Posted Oct. 22:
Let me just add one humorous note on the (unconfirmed) story of the
celebrating Muslim worker who could not be disciplined at work (Oct.
9). The comment from the clinical psychologist -- As "uncalled
for [!] as the impromptu celebration might have been, corporations 'can't
fire someone for violating something that was never spelled out'" -- reminds
me of the Seinfeld episode when George had sex with the cleaning woman
on his desk, and tried to note when confronted by his manager that he had
not been told specifically not to do such a thing. The parallel is
so perfect that it's almost scary. -- John Kingston, Carle
According to a report in the New Yorker magazine [see
Oct. 19] our Army could have taken out the Taliban leader Mullah Omar
during the first week of the war but was overruled by a Judge Advocate
General, a military legal officer, who according to General Tommy R. Franks,
the commander in charge at the United States Central Command in Florida,
"doesn't like this, so we're not going to fire."
What is going on here? I thought we were at war. What are
lawyers doing telling our professional warriors whom they can or cannot
kill? How in the world did we ever allow our American fighting military
machine to get constipated with some sort of perverted political correctness
regarding the legal rights of terrorists?
We elected President Bush to be the Commander- In- Chief. He is
trying to do that job. Opinions from lawyers are irrelevant. They
became irrelevant when over 5,000 innocent Americans were killed by ruthless
acts of war. We must allow our military leaders the freedom to act
boldly and courageously in prosecuting this war without having to look
over their shoulders for "permission" from lawyers.
If we fail to allow our military leaders to be warriors, warriors who
will take spontaneous and aggressive actions whenever required to strike
genuine fear in the hearts and minds of our enemies, we will never win
this war. We are not engaged in some big worldwide legal case against
terrorists. No, we are at WAR against a mortal enemy that must be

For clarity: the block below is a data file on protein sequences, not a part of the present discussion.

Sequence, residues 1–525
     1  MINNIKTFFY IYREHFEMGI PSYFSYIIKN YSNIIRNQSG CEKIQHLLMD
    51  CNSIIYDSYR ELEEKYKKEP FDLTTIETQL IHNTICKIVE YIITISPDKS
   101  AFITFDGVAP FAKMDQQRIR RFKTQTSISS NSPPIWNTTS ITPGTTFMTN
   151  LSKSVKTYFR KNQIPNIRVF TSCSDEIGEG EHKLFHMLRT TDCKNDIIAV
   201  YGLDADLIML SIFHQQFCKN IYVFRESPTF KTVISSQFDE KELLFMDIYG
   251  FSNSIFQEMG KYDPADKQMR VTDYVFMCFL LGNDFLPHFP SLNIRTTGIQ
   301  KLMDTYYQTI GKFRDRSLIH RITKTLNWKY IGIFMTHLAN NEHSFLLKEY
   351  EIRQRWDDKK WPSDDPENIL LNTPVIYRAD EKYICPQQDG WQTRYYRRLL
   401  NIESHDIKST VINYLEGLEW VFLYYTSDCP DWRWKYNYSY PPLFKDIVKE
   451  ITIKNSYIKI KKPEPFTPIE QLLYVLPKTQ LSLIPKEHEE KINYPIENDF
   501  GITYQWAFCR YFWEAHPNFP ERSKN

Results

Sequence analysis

defeated. Get the lawyers out of this war! --
Al W. Blair, Centennial, Colo.
If the courts are going to require extra time for those with learning
disabilities to pass the bar exam [Aug.
20], the logical next step would be to eliminate the exam (and equivalent
qualifying exams in other professions) entirely for those with disabilities
that prevent them from achieving a passing grade. Ken
Platt, San Diego, Calif.
Lawyers are constantly filing class action suits over debatable billing
tactics carried out by big companies, such as "rounding up" practices that
result in consumers' paying higher charges for telephone usage or financial
services. I think it would be only fair if someone looked into organizing
a class action against lawyers themselves for the practice of billing in
15 or 30 increments for work which may have taken less than 15 or 30 minutes
for them to accomplish in reality. (CPAs and others often do this
too.) It is one thing if they have fully disclosed this practice
to clients before engaging in the work, but there is no reason why the
adequacy of such disclosures should not come under investigation.
A stretch? Maybe, but attorneys themselves make such stretches all
The madness will not stop until the courts start imposing sanctions
against attorneys who bring bad faith suits; until tort reform makes the
plaintiffs and their counsel financially responsible for losing a case;
and until attorneys are required to do more due diligence before filing
a case to research its merits instead of listening only to misleading representations
from potential clients. -- David Kundysek
You asked [Sept. 3] for comments on the
suggestion that doctors not treat lawyers. In 1975 at the height
of the "malpractice crisis" many physicians in California made that decision,
but soon gave it up because it made more trouble than it was worth. After
all, most lawyers aren't personal injury lawyers. In my case, early
referral to the University for any major problem involving a PI attorney
or his family eased my anxiety. -- M.L. Howard,
M.D., J.D., Ukiah, Calif.
The medical profession is rife with stories which may be true or just
medical versions of "urban legends" of physicians in certain communities
refusing to see lawyers (or their wives in the case of OB/GYNs) as a protest
of sorts about medical malpractice. There are also rumblings of a
potential physician work stoppage in West Virginia to protest against increasing
While certainly under non-emergent circumstances a physician can refuse
to treat anyone he/she wishes, in an emergency options are much more limited.
Physicians can be charged with abandonment and/or EMLATA/COBRA violations
if emergent care is refused.
Also, I think it is a violation for different fee schedules to be set
up for different patients. All must be charged the same; what is
collected is vastly different, but that is a topic for another letter.
-- R. Scott Hannay
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